Do Clams Bite?
Chapter 13: “Let’s Get a Move On”
YOU CAN READ THE FIRST HALF
slipped over the side into the water. My father stood around with
his hands in his pockets, whistling and looking out over the water at the
I sat in the stern, with my legs dangling, playing my game with the surface of the water again, hoping that, since Grandfather had my father to clam with him, I might go unnoticed and not have to get into the water at all.
“Bert,” called Grandfather, “are you going to dig some clams?”
“Oh, yeah,” said my father. “I was just looking at the islands and wondering how they were formed. Do you ever wonder about that?”
“Nope,” said Grandfather
“They probably started out as just sand bars, wouldn’t you say?”
“Probably,” said Grandfather.
“And then they grew, little by little.”
“Guess so,” said Grandfather.
My father seemed to have run out of things to say about the islands. He began unbuttoning his shirt, slowly. He spotted me in the stern. “Hey, Peter,” he said. “Let’s get a move on. Let’s not sit around. I want to see you in the water. You must be quite a little clammer by now.”
I gave him a sickly grin and started unbuttoning my shirt, more slowly than he. Unbuttoning one’s shirt, removing one’s trousers, adjusting the string tie on one’s little woolen bathing suit—these are tasks that one can’t stretch out forever. Eventually my father and I were ready to get into the water. We let ourselves over the side.
I stood near the Rambunctious, in water up to my shoulders, watching Grandfather, standing in water up to his waist, shuffling along with short steps, probing the sand with his toes. When he felt a clam, he would duck beneath the surface and scoop it out of the sand. He’d bring it up and drop it into the front of his snug wool suit. Slowly, reluctantly, I began an imitation of his shuffle. I was scared to death: with my father and my grandfather both watching me, today was going to have to be the day.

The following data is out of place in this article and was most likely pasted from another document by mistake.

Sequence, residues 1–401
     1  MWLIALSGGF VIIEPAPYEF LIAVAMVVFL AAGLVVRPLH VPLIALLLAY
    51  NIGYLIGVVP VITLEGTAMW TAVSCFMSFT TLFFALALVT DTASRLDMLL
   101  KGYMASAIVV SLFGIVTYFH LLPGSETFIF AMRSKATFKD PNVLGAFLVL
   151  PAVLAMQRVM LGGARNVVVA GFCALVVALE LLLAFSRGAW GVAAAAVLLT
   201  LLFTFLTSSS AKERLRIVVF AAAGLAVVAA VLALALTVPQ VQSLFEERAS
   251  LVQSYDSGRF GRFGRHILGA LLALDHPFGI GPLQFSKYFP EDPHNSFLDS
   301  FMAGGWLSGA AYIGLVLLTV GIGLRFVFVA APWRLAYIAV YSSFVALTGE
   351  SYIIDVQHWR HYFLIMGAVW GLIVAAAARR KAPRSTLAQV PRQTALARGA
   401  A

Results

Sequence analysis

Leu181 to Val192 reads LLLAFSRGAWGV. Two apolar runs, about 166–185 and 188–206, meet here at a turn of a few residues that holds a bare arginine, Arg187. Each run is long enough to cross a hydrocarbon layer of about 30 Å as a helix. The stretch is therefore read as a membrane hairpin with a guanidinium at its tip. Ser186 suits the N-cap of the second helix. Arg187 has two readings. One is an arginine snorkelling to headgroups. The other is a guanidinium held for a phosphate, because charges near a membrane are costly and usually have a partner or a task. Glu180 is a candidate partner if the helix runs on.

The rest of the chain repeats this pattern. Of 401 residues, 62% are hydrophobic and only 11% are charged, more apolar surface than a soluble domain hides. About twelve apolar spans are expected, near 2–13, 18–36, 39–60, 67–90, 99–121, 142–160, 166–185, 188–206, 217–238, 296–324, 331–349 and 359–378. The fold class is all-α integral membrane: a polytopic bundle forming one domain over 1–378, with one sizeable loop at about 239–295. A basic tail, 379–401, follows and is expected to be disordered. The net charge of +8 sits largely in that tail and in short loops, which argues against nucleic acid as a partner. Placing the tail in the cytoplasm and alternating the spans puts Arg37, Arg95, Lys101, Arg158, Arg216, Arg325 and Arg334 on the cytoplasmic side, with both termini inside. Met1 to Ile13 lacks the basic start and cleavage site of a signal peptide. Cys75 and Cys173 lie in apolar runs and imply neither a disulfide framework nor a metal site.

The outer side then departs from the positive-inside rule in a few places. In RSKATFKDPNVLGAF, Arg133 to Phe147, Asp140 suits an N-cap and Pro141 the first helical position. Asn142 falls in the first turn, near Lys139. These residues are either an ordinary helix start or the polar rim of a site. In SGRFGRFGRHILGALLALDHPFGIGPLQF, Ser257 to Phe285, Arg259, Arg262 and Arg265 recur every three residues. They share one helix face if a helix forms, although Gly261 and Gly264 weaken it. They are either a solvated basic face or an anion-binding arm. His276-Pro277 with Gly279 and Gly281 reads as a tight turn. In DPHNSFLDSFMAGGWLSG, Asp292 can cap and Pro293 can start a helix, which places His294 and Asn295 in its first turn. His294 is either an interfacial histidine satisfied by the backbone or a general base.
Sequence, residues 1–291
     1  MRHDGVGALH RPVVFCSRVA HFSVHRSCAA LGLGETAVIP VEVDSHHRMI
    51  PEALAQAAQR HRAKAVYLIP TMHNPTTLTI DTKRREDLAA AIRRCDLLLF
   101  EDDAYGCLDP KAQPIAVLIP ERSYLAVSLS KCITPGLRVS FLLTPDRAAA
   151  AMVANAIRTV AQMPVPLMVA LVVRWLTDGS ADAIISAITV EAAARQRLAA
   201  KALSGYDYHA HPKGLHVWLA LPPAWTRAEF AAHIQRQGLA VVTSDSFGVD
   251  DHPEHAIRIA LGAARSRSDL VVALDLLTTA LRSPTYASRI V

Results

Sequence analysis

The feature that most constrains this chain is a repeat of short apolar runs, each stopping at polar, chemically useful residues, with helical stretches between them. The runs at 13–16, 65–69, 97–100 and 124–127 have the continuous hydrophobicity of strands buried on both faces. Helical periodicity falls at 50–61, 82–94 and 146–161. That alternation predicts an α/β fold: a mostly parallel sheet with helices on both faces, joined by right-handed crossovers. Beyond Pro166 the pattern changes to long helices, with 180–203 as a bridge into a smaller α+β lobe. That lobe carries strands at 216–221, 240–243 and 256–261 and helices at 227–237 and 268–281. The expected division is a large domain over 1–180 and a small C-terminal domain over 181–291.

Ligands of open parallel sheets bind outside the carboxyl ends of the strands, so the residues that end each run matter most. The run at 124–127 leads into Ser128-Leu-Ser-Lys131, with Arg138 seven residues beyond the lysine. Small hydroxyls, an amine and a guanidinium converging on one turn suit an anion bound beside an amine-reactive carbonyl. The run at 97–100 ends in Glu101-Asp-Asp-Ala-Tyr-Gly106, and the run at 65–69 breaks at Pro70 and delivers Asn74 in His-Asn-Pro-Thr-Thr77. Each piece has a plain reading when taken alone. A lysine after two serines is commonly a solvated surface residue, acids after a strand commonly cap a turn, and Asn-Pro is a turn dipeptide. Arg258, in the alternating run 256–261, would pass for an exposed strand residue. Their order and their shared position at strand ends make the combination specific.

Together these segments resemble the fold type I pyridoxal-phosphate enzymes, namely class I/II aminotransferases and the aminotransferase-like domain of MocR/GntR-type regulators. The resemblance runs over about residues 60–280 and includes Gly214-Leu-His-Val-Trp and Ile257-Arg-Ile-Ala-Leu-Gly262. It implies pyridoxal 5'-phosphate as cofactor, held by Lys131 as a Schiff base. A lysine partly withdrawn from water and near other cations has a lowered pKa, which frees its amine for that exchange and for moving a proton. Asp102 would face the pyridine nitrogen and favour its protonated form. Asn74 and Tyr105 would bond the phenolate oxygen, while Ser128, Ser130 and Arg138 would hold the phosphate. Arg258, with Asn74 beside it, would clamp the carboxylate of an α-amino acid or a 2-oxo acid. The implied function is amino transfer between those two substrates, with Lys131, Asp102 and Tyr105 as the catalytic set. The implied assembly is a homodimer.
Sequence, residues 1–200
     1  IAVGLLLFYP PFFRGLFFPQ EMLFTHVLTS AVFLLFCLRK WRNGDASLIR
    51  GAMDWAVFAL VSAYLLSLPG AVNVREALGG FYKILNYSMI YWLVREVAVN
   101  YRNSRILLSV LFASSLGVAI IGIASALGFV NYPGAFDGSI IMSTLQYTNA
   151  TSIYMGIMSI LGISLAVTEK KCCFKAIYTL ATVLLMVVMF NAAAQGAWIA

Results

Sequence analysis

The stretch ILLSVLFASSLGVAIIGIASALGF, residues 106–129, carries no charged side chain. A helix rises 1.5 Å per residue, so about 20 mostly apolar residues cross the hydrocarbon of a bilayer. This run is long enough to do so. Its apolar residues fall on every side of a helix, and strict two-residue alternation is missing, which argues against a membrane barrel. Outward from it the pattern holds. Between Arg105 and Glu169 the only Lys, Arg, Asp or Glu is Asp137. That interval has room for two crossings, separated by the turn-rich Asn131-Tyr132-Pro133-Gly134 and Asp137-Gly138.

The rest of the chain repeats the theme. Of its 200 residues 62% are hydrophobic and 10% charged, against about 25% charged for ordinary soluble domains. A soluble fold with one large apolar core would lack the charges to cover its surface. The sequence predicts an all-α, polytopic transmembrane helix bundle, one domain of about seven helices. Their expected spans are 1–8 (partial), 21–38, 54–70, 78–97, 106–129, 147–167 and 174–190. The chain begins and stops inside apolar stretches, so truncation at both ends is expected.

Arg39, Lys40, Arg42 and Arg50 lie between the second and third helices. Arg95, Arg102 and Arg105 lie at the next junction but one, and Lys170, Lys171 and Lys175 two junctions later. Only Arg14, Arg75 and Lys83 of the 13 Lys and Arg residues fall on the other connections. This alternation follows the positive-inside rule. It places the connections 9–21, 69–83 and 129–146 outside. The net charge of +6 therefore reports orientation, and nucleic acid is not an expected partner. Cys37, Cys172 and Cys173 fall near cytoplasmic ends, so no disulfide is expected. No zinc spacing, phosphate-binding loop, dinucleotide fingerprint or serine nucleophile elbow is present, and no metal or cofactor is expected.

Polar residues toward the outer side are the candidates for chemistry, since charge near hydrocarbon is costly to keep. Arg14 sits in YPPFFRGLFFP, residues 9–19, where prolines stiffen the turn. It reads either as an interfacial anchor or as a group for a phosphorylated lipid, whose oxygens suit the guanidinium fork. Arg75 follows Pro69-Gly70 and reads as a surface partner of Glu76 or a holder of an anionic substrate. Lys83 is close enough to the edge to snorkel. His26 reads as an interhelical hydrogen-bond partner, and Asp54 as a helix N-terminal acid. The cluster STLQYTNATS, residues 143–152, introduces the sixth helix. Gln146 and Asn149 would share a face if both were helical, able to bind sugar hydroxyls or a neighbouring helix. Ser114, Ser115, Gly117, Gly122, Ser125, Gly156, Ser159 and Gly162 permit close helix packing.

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Little Follies is a work of fiction. The characters, incidents, dialogues, settings, and businesses portrayed in it are products of the author’s imagination and are not to be construed as real. Any resemblance to actual events or persons, living or dead, is entirely coincidental.
All rights reserved. No part of this book may be reproduced or transmitted in any form or by any means, electronic or mechanical, including photocopying, recording, or by any information storage and retrieval system, without permission in writing from the author.
“My Mother Takes a Tumble,” “Do Clams Bite?,” “Life on the Bolotomy,” “The Static of the Spheres,” “The Fox and the Clam,” “The Girl with the White Fur Muff,” “Take the Long Way Home,” and “Call Me Larry” were originally published in paperback by Apple-Wood Books.
Little Follies was first published in hardcover by Crown Publishers, Inc., 201 East 50th Street, New York, New York 10022. Member of the Crown Publishing Group.
For information about publication rights outside the U. S. A., audio rights, serial rights, screen rights, and so on, e-mail the author’s imaginary agent, Alec “Nick” Rafter.
The illustration at the top of the page is an adaptation of an illustration by Stewart Rouse that first appeared on the cover of the August 1931 issue of Modern Mechanics and Inventions. The boy at the controls of the aerocycle doesn’t particularly resemble Peter Leroy—except, perhaps, for the smile.